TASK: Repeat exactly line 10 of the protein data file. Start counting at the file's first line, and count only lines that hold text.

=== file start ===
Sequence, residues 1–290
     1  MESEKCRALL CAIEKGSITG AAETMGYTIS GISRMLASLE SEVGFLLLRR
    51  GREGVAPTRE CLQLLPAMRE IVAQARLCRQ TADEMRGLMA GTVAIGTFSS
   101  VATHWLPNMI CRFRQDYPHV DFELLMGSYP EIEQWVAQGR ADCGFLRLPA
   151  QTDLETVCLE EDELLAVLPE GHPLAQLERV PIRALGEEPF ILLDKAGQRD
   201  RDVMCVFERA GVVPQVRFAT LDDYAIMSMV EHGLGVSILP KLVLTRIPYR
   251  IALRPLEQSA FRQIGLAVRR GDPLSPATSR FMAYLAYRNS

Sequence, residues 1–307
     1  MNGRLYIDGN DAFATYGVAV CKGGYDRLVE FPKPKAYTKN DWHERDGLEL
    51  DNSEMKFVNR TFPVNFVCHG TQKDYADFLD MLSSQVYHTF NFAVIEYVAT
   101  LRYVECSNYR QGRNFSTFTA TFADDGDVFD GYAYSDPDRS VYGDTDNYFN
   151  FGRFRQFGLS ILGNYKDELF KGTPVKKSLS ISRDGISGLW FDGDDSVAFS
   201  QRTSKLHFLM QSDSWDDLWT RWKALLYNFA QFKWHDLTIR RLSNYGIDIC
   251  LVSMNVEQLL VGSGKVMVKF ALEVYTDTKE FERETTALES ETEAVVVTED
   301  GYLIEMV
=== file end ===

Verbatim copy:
    51  DNSEMKFVNR TFPVNFVCHG TQKDYADFLD MLSSQVYHTF NFAVIEYVAT